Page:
YouTube launches paid channels, watch them back on your iPhone, iPad and Apple TV

Having been much rumored in recent weeks, YouTube has finally pulled the trigger on launching paid channels. The subscription based channels start at a monthly rate of $0.99 and all come with a 14 day free trial period. Best of all, once subscribed the channels are available to enjoy on your iPhone, iPad, and Apple TV beyond the browser on your Mac.

This is because the paid channels add to your list of subscribed channels, right along side your non-paid channel subscriptions. So, when you fire up your Apple TV, the paid channels will be right there to watch on the big screen. There aren't many channels to choose from at the moment -- just 53 at present -- but the programme is in its pilot stage, and YouTube has said they hope to launch more paid channels in the near future. UFC has a channel at launch, which is sure to be popular and has a whole host of classic matches to view as well.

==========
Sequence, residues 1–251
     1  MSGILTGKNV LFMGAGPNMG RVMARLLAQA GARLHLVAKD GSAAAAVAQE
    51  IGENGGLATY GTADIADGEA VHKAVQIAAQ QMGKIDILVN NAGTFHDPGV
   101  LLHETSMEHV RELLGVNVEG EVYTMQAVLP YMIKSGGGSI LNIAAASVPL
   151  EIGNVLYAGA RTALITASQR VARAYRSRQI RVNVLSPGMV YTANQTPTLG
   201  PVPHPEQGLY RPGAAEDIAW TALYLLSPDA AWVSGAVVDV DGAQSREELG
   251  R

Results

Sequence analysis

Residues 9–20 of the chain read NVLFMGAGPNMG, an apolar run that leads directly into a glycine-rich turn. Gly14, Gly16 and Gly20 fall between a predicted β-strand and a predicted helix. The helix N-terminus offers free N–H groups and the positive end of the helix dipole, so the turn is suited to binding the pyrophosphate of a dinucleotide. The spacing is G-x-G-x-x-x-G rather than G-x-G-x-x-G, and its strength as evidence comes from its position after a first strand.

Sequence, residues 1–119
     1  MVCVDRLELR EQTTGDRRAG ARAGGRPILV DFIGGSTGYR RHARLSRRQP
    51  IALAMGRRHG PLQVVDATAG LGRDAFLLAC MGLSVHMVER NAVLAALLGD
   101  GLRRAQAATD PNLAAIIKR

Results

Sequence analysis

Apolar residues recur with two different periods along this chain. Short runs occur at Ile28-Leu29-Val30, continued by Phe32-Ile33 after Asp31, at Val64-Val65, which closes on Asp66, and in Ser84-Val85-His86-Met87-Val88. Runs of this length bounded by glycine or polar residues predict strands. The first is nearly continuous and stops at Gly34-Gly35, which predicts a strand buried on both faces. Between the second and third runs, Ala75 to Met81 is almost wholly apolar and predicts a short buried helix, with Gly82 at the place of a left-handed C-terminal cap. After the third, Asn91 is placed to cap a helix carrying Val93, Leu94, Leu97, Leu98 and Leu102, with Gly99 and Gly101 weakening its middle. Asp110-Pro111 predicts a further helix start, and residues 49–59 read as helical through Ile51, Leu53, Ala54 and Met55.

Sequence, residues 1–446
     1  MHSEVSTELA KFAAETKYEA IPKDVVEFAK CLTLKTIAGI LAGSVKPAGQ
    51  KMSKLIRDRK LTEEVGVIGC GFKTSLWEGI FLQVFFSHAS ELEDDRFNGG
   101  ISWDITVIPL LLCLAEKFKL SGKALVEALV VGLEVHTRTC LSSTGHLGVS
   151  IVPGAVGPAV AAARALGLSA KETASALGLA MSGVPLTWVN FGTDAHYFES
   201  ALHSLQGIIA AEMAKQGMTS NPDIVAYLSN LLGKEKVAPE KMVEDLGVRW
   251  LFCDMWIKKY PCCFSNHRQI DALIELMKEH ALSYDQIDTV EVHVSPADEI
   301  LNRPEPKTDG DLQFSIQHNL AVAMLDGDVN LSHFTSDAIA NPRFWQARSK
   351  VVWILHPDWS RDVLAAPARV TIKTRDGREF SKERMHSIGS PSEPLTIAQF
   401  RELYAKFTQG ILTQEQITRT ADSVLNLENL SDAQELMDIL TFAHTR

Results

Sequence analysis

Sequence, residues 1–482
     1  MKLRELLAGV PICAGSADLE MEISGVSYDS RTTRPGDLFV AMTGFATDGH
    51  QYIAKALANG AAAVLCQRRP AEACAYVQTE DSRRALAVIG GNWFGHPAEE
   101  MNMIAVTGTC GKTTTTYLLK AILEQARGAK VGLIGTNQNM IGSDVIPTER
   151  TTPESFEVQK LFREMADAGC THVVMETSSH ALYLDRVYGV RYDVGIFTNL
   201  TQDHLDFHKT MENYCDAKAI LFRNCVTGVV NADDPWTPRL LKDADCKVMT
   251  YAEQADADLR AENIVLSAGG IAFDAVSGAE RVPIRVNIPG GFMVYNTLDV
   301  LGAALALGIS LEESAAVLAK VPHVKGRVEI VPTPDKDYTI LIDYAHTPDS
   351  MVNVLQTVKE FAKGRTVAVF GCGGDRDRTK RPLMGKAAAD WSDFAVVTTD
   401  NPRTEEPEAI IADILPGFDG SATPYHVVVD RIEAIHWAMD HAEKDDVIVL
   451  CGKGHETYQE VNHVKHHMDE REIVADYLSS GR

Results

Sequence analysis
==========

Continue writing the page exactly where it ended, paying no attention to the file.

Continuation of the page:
Paying for content on YouTube may seem a little crazy, but the service has expanded far beyond grumpy cat and crying baby videos. Already there is a lot of premium content on YouTube, and the paid channel partners will have to deliver premium content to succeed. But, since we already pay for content in so many other places, YouTube is no different so long as the quality is there. And if a guaranteed pay day means we get better videos, it's a positive move.

There will be skeptics, for sure, but it's also worth asking ourselves whether or not we have room in our lives for another pay-to-view video on-demand service. In a world full of Netflix, Hulu Plus, LOVEFiLM and Amazon Instant Video, we're already pretty well catered for in the subscription space. But, YouTube is a well established, globally available video platform, so potentially its reach is greater than those other services combined.

It's a bold move, but not a totally unexpected one. Personally, I'm not too concerned who I'm paying for my content, just so long as I get it. YouTube isn't without its problems, but the name is synonymous with online video so there is big potential providing the execution is done right.

So, are you willing to pay for YouTube content? Can you add another subscription based service into your life? How about the current channels; if you've subscribed to one already, what do you think? Jump into the comments and let us know!

Source: YouTube

Richard Devine

Editor at iMore, part time racing driver, full time British guy. Follow him on Twitter and Google+